Layer 18 is shown as formed of a single-material structure thus far. Layer 18 may alternatively be formed as a multilayer top metal dielectric stack 48 as shown in FIG. 10. Stack 48 includes a dielectric barrier layer 49 composed, for example, of SiN, SiC or SiCN. A middle dielectric layer 50 contains the material bulk of stack 48 and is composed of, for example, SiO2. A cap layer 51 serving as a handmask composed of SiN or SiC, for example, is deposited atop layer 50. Forming of recessed islands 25 in stack 48 typically requires a multi-phase etch regimen for etching the different materials of layers 49, 50 and 51.

The step of filling cavity 20 with metal to submerge recessed islands 25 may be applied in forming of dual damascene ICs where metallization steps deposit metals simultaneously in more than one layer. Referring to FIG. 11, the metallization 22 which submerges islands 25 concurrently fills vias such as via 16 in underlying dielectric layer 14. Via metallization extends electrical connection to element 53 in substrate 54. FIG. 11 also illustrates a preference for locating islands 25 in places within cavity 20 that avoid placing islands above a via region.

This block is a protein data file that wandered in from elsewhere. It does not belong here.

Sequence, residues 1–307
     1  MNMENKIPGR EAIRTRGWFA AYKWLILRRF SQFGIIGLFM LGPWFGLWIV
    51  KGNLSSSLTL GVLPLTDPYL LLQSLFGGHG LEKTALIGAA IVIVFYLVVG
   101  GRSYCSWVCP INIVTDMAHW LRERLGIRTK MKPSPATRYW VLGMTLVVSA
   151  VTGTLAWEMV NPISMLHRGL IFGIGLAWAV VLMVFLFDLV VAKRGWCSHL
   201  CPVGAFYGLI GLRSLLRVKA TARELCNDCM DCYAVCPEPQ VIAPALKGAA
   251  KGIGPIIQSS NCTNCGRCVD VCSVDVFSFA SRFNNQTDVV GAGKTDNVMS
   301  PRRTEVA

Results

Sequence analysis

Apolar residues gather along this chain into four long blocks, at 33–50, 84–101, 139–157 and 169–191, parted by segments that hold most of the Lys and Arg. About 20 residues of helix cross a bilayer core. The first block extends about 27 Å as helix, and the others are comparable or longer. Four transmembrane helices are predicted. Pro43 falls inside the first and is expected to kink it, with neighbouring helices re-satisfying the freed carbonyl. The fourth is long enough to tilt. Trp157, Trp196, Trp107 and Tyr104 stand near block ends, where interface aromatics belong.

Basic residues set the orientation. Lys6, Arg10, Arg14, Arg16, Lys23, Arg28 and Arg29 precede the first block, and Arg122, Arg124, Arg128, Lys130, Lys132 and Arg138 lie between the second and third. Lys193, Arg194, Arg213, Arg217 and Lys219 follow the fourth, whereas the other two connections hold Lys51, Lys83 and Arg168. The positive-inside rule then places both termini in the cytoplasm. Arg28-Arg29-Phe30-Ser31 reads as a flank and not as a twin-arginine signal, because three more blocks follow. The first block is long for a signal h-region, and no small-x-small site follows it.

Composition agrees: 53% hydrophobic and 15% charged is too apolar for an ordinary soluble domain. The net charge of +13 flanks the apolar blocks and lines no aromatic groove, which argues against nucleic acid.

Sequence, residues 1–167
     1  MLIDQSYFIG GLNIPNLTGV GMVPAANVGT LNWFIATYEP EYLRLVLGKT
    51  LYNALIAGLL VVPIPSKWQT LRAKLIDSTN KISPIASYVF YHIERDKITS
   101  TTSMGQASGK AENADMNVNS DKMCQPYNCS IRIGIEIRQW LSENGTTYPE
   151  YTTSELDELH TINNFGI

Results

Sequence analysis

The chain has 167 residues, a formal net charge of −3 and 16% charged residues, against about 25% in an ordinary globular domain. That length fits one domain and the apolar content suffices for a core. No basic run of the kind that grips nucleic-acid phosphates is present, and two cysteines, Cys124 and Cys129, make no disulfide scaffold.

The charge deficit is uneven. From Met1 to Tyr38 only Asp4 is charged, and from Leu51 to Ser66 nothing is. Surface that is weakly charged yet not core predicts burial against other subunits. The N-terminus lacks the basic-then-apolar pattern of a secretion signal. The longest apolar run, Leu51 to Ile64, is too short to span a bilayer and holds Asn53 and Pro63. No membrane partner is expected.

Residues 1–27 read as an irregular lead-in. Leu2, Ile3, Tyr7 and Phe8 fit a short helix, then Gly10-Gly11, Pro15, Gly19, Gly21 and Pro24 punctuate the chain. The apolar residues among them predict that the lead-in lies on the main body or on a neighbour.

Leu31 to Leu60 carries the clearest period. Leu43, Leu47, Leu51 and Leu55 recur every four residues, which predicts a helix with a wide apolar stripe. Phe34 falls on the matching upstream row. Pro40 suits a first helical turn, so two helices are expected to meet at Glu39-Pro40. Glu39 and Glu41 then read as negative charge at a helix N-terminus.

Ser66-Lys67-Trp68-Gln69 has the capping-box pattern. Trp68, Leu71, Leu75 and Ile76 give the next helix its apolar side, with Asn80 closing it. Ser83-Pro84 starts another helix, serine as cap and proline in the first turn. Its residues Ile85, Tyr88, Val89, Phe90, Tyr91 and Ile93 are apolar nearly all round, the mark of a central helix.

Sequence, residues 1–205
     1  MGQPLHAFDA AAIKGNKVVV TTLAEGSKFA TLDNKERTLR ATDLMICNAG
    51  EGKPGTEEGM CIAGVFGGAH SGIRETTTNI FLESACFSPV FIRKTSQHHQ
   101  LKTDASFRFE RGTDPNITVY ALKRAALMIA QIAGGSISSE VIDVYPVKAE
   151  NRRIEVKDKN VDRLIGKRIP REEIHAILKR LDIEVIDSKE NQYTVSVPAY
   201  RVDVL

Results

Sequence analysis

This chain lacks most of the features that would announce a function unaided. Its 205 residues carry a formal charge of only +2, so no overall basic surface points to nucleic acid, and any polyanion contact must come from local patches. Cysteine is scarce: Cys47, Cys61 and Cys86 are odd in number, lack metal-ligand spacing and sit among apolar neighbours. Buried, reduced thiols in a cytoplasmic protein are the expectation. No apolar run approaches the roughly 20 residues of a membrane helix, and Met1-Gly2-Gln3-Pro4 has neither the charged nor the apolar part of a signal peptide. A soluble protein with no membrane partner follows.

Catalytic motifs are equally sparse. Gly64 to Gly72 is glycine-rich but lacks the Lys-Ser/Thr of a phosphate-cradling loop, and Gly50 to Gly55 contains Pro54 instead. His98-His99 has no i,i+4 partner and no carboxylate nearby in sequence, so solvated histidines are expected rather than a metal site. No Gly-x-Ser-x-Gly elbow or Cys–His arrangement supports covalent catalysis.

The dielectric of a single-material version of layer 18 may be any of several materials such as pure SiO2; or SiO2 doped with carbon or fluorine to which may be added hydrogen in substantial quantities or nitrogen in smaller quantities. Layer 18 dielectric may also be formed with organic polymers. The metallization 22 may for example, be copper, aluminum, or tungsten; or a selected alloy of these metals. “Low-k” dielectric material, that is, materials with dielectric constant ≦3.9 may be preferred for use in dielectric layers 14 and 18 for the manufacture of high-performance IC structures. Materials having “low-k” are typically those having high carbon and/or fluorine content. Examples include organosilicate glass (OSG) and fluorosilicate glass (FSG). Other suitable materials for the dielectric in layer 18, both organic and inorganic, are well known. Low-k materials commonly have poor dielectric-metal adhesion due to weak bonds across the interface, for which the teachings of the invention compensate.